Software firms race to address users' quantum talent shortage

A study released last week by Zapata Computing showed that almost 70% of enterprises are adopting or planning to adopt quantum computing, and that 28% are committing to budget of more than $1 million for their pursuits.

In corporate enterprises across many different sectors, much of the money likely is being set aside to hire talent with quantum-specific or quantum-adjacent education, skill and experience. However, the labor shortage affecting just about every industry means that talent will be hard to come by.

Quantum software companies are racing to fill that need. Yuval Boger, CMO of software firm Classiq, recently told Fierce Electronics that some forecasts have shown that there could be a demand for as many as 10,000 quantum-related jobs by 2025, but not enough quantum-skilled workers to fill even half those jobs. 

“Where software comes in is that today to write quantum code you have to understand the underlying engine you are dealing with, so when you try to write code that simulates a molecule you have to understand both chemistry and quantum physics,” Boger said. “If you think quantum engineers are hard to find, then try to find those people who understand both areas. They're like unicorns, they don't exist.”

Steve Reinhardt, vice president of product management at Quantum Computing Inc., another software firm, added, “There aren't a lot of software products that are actually in the market that you can just log in and use. I think it's more common that there is software… intended not really for end users but more for consulting-level users.”

That means even as software firms develop suites that help users in different industries achieve high performance on their projects in what is still a hybrid classical-quantum computing environment, they need to make ease of use a high priority.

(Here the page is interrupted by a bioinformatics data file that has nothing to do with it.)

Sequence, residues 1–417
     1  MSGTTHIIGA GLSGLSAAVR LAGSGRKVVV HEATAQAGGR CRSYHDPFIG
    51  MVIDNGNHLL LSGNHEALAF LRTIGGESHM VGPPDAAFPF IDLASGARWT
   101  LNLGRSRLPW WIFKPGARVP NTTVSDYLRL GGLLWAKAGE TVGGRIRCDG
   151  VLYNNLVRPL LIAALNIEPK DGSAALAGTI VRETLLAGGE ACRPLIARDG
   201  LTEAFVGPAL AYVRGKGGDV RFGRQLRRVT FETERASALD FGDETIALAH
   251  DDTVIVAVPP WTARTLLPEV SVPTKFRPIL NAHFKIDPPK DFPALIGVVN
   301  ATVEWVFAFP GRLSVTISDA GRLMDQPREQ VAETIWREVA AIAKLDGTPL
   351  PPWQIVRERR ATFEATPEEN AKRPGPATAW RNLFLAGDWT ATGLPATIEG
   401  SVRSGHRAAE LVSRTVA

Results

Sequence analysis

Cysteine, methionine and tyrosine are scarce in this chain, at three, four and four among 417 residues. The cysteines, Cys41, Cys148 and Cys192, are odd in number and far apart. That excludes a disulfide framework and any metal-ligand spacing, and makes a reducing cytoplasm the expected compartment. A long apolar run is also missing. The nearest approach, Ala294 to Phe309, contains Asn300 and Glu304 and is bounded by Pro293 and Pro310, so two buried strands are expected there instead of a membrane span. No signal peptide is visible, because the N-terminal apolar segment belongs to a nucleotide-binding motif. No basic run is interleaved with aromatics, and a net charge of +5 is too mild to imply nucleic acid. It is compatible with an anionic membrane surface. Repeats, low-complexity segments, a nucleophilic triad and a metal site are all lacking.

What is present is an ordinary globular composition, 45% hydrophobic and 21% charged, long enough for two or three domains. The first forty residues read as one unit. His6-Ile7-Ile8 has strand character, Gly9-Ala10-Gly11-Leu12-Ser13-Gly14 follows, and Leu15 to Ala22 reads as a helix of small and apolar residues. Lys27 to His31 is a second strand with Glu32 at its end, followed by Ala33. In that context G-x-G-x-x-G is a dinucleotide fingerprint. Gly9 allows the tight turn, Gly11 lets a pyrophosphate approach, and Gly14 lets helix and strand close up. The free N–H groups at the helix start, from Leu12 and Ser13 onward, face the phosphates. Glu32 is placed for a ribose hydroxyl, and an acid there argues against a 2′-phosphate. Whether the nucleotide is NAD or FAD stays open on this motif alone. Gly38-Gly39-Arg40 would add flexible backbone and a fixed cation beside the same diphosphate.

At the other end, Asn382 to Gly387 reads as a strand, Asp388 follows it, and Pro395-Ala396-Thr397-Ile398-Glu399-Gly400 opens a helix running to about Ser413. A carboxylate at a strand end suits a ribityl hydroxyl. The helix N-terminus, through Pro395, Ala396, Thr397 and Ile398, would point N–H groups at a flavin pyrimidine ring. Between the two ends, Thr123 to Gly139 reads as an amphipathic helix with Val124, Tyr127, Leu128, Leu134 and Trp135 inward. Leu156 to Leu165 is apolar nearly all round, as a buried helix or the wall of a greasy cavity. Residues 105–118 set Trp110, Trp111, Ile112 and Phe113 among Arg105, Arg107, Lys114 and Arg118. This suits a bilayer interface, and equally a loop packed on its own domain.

“With quantum software, we’re taking care of the engine underneath to translate into something that actually works for people working in different disciplines,” Boger said, adding that firms like Classiq need to work closely with experts in various industries to augment its software with modules or libraries that address the very articular requirements of one industry’s quantum needs. “We can take care of a lot of the common stuff, but then we might collaborate with very expert chemists to say, ‘Well, what do you really need for your quantum chemistry problem?’ And then we’ll create an add-on library and additional functions to address those needs.”

Overall, a goal for quantum software firms is to help enterprises avoid having to rewrite large amounts of software code on their own to address their particular use cases. That can be challenging in a quantum computing environment that is not only hybrid classical-quantum, but also one in one quantum processor may be better suited than another for a particular problem class–quantum simulation, mathematical constrained optimization problems or machine learning, for example.

“It’s hard to know if something like trapped ion [quantum computers] or something else could become dominant,” Reinhardt said. “Part of what we see as the value of higher level software is the ability for a user to say, ‘I have a project – a logistics problem just to pick one - I don't really know quantum computers. I don't know whether an Ion Q processor is better for this than a D-Wave or Rigetti processor or whoever your favorite vendor is.’ And, and they're going to want to say, ‘I've expressed it to you in a way that enables it to run on a quantum computer or on a classical quantum hybrid simulator, so please run it on this list of QPUs [quantum processing units] and see where it runs fastest.”

For this reason, software firms could develop their own areas of expertise along similar lines, some more focused on software for addressing a particular problem class. That means it’s unlikely that one of the emerging throngs of quantum software firms eventually will become dominant across all industry use cases and problem classes. “I mean, it’s conceivable, but that seems like a stretch,” Reinhardt said.

Solving quantum problems for enterprises lacking access to enough quantum-skilled workers means quantum software companies need to make sure they have enough of their own quantum talent. “We do have to be intentional about finding good quantum-knowledgeable people, and it’s not easy,” Reinhardt said. “We try a variety of approaches, including growing our own. We find that much development is adjacent to quantum computing specifically, so extremely strong math and computer science backgrounds are an excellent basis for those.”

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